Postracial?

Notes from Caste, by Isabel Wilkerson

After Obama's victory in 2012, optimists predicted a new era of post-racialism in the US.  That turned out to be wishful thinking.  When Lyndon Johnson passed the Civil Rights legislation of the 1960's, he predicted that Democrats had lost the South for a generation.  Well, it is two and a half generations and counting.  Not since Lyndon Johnson has any Democratic Presidential Candidate received a majority of the white vote.

The passage of the 13th, 14th, and 15th Amendments after the Civil War outlawed slavery and granted the vote to Black American men, but the end of Reconstruction and the return to power of Southern whites brought Jim Crow and American Caste system, analogous in its principles and effects to the caste system of India in systematically creating rigid barriers between black and white, depriving Blacks of the vote, and consigning them to menial and poorly paid jobs.

Wilkerson argues that little in the US, and almost nothing about recent politics, can be understood except in the light of this caste system and its manifold effects.  In India, and in the US, much of the legal basis of the caste system has been removed, although voter suppression, implemented by various onerous restrictions on the vote, has become the most important part of the Republican Party's strategy.  The Supreme Court, by overthrowing a key provision of the Voting Rights act, has once again become a major promoter of racist voting discrimination.

A remark by Lyndon Johnson encapsulates the appeal of caste allegiance:  "If you tell the lowest white man that he his better than the highest black man, he will let you pick his pocket."  Social status is something humans care a lot about.  It is both a instinct and a practical calculation.  If you are used to the color of your skin giving you a leg up in the struggle for existence, a threat to that from blacks or immigrants is very real to you.

The past few decades have been tough for whites who lack a college degree.  They have seen their wages and health care devastate by the disappearance of good union jobs and competition from robots at home and low paid workers abroad.  College educations are increasingly unaffordable and affirmative action puts them behind in the queue for admissions.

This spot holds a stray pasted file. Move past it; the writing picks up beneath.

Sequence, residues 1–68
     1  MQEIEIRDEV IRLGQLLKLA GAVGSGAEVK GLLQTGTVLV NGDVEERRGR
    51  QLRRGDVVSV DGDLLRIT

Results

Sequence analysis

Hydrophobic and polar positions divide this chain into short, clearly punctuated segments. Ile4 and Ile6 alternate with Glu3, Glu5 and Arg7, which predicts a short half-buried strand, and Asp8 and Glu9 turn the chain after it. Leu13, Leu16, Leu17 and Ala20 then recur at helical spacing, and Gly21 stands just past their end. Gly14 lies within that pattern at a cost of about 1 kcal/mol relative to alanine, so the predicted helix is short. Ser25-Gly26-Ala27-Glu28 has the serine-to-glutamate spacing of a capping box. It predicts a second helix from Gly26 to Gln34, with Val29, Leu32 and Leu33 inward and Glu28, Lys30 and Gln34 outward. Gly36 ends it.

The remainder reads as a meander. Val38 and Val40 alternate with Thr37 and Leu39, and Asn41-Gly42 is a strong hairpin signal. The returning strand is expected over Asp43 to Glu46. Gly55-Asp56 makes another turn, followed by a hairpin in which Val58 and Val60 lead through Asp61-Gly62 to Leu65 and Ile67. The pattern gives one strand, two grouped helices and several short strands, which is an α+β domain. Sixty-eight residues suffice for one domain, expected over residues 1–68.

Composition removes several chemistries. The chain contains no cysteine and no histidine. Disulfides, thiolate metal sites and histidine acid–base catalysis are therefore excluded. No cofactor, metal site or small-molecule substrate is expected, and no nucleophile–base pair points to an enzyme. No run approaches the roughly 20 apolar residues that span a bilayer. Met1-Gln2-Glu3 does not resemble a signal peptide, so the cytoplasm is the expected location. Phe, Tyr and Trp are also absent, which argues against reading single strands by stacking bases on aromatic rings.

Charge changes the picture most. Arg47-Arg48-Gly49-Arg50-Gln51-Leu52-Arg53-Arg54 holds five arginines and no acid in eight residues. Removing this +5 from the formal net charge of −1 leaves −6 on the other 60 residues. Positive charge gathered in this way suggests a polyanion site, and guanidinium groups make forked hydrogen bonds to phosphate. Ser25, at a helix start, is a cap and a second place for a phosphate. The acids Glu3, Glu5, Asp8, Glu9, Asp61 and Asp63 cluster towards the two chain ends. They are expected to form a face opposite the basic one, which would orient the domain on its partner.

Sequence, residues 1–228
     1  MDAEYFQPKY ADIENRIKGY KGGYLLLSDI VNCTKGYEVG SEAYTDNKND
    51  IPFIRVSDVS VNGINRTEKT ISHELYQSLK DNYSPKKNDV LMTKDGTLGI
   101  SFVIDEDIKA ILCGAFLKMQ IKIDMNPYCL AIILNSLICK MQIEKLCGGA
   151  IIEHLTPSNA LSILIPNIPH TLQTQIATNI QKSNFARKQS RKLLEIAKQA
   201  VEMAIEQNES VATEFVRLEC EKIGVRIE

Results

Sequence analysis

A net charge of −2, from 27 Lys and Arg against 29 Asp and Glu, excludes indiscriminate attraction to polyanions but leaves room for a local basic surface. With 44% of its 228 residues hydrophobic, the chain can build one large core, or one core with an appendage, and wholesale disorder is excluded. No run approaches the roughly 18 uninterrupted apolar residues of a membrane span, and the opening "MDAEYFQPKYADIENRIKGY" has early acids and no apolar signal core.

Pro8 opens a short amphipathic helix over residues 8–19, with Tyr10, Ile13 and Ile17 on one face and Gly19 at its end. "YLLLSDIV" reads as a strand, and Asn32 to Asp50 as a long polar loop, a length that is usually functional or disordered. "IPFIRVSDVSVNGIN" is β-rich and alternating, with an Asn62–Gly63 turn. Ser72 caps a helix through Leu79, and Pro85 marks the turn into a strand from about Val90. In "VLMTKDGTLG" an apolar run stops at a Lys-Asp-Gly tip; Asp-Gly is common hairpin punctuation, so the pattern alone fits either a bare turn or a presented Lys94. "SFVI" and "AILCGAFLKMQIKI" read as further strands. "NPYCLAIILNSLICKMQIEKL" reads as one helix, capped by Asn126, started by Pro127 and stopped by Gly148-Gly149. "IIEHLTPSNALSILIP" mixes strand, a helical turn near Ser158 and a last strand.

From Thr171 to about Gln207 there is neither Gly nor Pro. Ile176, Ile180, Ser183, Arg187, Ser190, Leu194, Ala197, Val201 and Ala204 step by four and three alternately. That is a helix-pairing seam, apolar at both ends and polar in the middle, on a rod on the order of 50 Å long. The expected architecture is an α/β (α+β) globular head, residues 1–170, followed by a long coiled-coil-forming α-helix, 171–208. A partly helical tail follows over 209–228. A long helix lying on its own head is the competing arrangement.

Whites without college degrees were the core of Trump's support, and voted overwhelmingly for him.  Liberals have been puzzled by their apparent willingness to vote against their own apparent interests, but Wilkerson thinks she knows why: "...some were willing to accept short-term discomfort, forego health insurance, risk contamination of the water and air, and even die to protect the long-term interest in the hierarchy as they had known it."

Humans evolved to compete in groups against other groups. Psychological studies have shown that the badges of group membership can be arbitrary - skin color, town or neighborhood, even favorite sports team or color of the baseball cap you wear.  Race, especially if locked in by the mechanisms of caste, is a natural.

Donald Trump was a natural to capture their seething resentment.  Mocked for his vulgarity and braggadocio, and pilloried by Obama, he was perfectly poised to capture the angst and rage of those who found themselves on the losing end of society.

Biden defeated him, but as in Obama's victory 16 years ago, it took an unlikely alignment of the stars: monumental Presidential incompetence, and a once in a century devastating pandemic to do it. Biden narrowly captured the votes of white college graduate women, somewhat less narrowly lost college educated men, and overwhelmingly lost whites who were not college graduates.

It is hard to doubt that race is still a giant player in American politics.  







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